Written by Tom Becham
I have two very “big” beers to review today.
The first is from one of my all-time favorite brewers, The Bruery. Quadrupel Tonnellerie is a Belgian-style quadruple, with blackberries added. It weighs in at a surprising 10.2% ABV. This beer pours a dark maroon-russet, with a small, fizzy, short-lived head. The nose is strong berries, with a back note of dark, caramel malt. The taste is rather surprising, as the maltiness of the beer – which is considerable – is entirely overwhelmed after a very brief appearance. After that appearance, this beer is predominantly berries on the palate, with a touch of sourness. The finish is entirely blackberries. If you like dark fruit beers, you’ll love this one. It conceals its strength masterfully.
The next beer is from Midnight Sun Brewing in Anchorage, Alaska. Arctic Devil Barley Wine. This beer was part of a care package brought to me by family in Alaska, over a year ago. All the other beers have been consumed, of course, but I had saved this one, as it sports a truly massive 13.4% ABV. I figured a bit of bottle age on this powerhouse would smooth out the flavors a bit. Especially since this one is aged in bourbon barrels.
I may not have needed to take that precaution.
Midnight Sun describes Arctic Devil as an English-style Barley Wine, which means it is much more malt-oriented and less hoppy than Barley Wines most Americans might expect. This one pours with a small tan, cloudy head, which dissipates rather quickly.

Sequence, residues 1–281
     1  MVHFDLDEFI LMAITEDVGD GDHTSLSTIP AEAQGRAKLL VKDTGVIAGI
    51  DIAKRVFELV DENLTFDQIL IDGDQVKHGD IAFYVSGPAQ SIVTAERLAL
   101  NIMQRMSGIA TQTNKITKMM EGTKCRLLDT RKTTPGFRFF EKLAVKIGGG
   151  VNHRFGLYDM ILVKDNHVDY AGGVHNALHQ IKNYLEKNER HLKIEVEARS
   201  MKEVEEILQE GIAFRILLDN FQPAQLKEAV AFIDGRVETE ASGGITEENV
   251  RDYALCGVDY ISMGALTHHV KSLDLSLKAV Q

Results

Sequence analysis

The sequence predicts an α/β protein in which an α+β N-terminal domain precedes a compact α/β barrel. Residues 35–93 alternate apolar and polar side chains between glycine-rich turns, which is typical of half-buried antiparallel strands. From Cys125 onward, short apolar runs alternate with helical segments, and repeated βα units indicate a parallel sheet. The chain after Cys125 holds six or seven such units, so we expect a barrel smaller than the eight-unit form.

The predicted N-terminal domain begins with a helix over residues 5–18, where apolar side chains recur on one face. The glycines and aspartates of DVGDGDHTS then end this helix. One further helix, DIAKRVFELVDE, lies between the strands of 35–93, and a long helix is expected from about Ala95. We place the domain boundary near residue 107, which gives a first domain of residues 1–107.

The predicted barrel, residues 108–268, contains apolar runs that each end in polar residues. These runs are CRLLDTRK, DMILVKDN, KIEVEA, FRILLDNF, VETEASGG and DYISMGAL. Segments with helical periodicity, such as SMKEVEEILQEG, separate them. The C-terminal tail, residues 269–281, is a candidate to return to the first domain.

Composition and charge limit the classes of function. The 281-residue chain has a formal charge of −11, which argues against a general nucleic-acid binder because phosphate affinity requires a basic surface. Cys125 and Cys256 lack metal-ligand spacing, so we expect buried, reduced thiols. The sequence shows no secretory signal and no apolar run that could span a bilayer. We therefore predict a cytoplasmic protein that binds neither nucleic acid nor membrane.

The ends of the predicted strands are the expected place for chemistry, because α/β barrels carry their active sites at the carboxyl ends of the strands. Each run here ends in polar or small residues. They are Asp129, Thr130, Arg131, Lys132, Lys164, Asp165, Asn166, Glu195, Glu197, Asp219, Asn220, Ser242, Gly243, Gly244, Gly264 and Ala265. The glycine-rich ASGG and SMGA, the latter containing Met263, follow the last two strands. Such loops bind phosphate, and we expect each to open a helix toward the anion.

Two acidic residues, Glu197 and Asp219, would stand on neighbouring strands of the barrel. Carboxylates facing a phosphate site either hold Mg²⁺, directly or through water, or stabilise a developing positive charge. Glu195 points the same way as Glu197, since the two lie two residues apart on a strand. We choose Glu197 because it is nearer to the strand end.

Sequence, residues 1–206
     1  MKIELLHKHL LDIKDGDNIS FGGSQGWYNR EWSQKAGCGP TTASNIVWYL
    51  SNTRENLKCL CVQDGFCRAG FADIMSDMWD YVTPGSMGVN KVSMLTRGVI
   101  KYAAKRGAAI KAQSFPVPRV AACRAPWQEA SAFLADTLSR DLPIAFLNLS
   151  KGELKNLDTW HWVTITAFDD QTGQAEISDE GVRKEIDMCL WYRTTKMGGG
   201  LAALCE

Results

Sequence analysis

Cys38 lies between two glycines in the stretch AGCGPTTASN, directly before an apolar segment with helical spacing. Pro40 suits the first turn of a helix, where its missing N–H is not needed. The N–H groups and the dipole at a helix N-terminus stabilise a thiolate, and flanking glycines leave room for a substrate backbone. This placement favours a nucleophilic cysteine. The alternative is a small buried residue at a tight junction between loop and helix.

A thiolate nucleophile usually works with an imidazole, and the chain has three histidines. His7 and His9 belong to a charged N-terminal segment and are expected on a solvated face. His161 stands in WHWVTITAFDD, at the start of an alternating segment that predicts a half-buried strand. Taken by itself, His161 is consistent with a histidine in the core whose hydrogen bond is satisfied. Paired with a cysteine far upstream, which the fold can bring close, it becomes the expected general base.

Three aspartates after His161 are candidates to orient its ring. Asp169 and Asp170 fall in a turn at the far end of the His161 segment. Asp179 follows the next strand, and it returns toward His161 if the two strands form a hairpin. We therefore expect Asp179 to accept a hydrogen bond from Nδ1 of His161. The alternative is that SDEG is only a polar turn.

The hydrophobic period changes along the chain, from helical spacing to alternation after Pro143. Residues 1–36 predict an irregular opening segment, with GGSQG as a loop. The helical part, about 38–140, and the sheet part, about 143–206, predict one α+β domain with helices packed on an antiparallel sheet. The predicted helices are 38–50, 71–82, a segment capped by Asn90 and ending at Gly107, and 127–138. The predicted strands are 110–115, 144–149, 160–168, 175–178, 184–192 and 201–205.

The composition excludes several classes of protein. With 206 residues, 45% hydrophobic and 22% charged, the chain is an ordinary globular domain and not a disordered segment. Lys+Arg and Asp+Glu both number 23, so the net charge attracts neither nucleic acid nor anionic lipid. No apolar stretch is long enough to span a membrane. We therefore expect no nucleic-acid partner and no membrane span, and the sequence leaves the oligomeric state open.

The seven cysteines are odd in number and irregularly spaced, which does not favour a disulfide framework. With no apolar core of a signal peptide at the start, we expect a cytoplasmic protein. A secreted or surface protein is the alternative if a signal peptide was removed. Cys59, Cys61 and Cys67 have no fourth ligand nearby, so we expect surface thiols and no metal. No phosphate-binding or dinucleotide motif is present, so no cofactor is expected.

The aroma of Arctic Devil obviously is strong on bourbon, but also very full of caramel, bready malts. The malt sugars actually manage to overpower the bourbon after a few seconds, then become very bold.
Upon tasting, the star of Arctic Devil is the extremely skillful use of strong malt presence. Indeed, the only English-style Barley wine I have tasted which is better than this one is the genuine article, Thomas Hardy’s Ale. It’s malt, malt, malt, in forms of caramel, molasses, black bread, and hints of dark stone fruits and even raw graininess. Hints of vanilla and a bourbon burn just lick lightly at the edges of the tongue. The alcohol is a very slight burn, and this beer drinks like one of perhaps half the ABV. Truly, Arctic Devil shows that Midnight Sun are masters in the use of malt. While hop get all the glory in today’s world of craft beer, I find that use of malt is more a measure of a brewer’s expertise.
In all, I recommend both Quadrupel Tonnellerie and Arctic Devil. Both are excellent in their particular niches.
Tom Becham has been writing for PGA for many years. In fact he’s been writing so long he wears the hat to cover baldness, or the antenna that grow out of elderly Martian’s heads: we’re not sure which, but we’re glad he writes for us.